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A messabout is an event where a group of people get together to discuss and "mess about" in boats. The concept is not new but the name is. The term originated in April 1990 when Joe Tribulato organized the first such event with this name. This was the beginning of the Southern California Small Boat Messabout Society, SCSBMS.
The term is derived from the children's book "The Wind in the Willows", by Kenneth Grahame. In the story, Mole and Rat are rowing up the canal in Rat's boat. They are discussing nautical things and life in general when Rat is heard to utter,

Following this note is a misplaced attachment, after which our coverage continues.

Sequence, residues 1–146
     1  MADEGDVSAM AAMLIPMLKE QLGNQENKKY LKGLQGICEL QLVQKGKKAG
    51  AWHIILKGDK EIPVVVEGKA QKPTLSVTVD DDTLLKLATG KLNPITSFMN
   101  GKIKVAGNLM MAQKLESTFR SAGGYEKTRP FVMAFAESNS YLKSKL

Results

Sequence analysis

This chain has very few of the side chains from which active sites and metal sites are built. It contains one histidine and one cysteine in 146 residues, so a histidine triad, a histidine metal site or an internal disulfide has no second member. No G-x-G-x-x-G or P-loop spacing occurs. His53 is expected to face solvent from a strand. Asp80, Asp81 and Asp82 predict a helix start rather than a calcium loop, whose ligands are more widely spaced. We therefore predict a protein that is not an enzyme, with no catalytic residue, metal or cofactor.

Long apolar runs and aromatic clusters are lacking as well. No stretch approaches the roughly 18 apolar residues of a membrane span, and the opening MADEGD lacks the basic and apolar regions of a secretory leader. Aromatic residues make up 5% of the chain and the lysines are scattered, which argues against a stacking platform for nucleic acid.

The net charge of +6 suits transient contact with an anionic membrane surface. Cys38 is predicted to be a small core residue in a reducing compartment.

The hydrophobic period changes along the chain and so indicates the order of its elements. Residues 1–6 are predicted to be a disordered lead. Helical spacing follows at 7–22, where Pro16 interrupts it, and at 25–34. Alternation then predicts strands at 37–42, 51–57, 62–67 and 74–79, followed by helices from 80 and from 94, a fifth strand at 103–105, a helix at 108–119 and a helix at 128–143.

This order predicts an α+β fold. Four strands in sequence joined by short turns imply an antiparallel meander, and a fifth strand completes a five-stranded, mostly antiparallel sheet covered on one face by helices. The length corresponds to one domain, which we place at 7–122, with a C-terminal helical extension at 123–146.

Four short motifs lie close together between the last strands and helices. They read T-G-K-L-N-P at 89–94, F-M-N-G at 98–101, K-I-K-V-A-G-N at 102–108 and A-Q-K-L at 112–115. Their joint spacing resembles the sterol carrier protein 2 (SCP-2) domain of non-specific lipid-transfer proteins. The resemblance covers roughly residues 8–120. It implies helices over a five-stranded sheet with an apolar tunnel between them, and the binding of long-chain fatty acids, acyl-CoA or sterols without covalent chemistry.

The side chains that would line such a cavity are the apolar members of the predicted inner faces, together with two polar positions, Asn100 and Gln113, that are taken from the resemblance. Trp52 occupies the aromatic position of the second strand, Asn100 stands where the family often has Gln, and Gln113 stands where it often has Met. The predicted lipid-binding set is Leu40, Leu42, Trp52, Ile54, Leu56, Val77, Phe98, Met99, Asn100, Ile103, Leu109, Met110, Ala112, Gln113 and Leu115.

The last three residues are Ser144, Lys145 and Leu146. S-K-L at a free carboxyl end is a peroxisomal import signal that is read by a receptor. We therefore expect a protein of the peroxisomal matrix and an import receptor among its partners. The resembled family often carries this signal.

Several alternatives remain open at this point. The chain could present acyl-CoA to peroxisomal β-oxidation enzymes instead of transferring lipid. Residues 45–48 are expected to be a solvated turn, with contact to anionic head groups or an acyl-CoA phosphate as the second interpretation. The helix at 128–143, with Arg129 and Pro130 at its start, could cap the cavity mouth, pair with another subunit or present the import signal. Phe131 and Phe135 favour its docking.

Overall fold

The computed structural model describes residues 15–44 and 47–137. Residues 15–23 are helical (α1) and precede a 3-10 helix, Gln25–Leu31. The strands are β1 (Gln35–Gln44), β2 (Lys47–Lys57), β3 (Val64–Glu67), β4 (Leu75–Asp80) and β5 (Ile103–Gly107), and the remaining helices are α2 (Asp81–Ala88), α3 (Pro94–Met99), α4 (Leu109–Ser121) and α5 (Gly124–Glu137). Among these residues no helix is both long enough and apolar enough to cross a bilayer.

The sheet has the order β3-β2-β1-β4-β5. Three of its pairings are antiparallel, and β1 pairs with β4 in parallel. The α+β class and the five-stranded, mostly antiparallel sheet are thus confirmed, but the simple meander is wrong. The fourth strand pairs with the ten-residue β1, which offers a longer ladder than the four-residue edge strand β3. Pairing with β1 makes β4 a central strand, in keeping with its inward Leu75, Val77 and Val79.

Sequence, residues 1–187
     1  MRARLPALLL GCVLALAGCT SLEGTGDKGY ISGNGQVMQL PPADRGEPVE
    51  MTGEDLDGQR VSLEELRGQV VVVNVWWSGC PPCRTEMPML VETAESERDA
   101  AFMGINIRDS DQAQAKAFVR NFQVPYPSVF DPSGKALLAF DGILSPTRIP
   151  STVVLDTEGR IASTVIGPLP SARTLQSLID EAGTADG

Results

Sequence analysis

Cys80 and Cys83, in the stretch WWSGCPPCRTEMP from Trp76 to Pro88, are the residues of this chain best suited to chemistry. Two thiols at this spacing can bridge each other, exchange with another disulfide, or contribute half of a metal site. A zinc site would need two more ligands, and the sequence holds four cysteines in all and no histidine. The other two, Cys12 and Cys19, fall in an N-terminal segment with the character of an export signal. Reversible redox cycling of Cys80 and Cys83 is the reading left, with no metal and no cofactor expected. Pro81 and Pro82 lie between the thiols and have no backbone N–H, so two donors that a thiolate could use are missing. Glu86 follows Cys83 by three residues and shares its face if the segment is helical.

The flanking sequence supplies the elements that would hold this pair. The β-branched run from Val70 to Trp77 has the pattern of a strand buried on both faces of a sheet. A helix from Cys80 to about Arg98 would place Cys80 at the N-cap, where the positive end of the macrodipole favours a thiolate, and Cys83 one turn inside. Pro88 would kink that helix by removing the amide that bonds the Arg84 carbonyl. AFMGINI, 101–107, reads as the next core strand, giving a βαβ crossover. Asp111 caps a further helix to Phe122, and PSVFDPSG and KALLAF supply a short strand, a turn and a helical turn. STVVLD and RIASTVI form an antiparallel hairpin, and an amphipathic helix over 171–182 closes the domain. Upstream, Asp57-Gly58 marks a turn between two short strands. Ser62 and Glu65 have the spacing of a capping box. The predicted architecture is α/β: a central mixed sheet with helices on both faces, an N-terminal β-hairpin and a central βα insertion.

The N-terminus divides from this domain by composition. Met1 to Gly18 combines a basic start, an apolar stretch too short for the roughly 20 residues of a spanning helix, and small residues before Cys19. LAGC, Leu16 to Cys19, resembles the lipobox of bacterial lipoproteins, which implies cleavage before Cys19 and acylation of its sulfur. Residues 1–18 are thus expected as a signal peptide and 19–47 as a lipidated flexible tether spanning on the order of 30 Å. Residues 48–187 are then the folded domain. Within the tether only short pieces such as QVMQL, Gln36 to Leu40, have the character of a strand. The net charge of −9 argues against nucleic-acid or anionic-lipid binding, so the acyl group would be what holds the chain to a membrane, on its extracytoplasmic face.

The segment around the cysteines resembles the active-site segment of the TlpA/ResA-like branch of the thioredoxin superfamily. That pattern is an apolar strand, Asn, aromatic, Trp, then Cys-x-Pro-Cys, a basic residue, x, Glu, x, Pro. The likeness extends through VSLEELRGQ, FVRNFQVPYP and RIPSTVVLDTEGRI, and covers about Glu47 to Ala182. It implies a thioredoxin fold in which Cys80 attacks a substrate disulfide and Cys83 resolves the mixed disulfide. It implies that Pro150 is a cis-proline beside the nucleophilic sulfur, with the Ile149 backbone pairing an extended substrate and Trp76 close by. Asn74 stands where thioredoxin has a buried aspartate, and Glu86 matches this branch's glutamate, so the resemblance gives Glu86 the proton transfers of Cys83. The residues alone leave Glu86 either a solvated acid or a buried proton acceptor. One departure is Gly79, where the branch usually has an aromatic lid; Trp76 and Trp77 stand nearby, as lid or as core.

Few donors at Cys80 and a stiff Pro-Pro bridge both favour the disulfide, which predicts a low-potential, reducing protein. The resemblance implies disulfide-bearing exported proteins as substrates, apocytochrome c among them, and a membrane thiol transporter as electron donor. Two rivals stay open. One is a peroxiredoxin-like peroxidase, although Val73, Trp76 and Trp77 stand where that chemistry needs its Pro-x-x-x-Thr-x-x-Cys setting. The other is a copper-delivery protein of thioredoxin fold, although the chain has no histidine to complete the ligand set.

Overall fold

Believe me, my young friend, there is nothing — absolutely nothing — half so much worth doing as simply messing about in boats. Simply messing... about in boats — or with boats. In or out of 'em, it doesn't matter. Nothing seems really to matter, that's the charm of it. Whether you get away, or whether you don't; whether you arrive at your destination or whether you reach somewhere else, or whether you never get anywhere at all, you're always busy, and you never do anything in particular; and when you've done it there's always something else to do, and you can do it if you like, but you'd much better not.
Messabouts are usually attended by a group of people who have taken up boat building, boating and all things boat-related as their primary hobby. While many people have been at this hobby for quite some time, the advent of the Internet has allowed them to network on a level not seen before. They come from all over to get together for camaraderie. "Messabouts" is replaced in UK especially on canals by "banter" and the emphasis will be more on talk and camaraderie than actually doing anything constructive.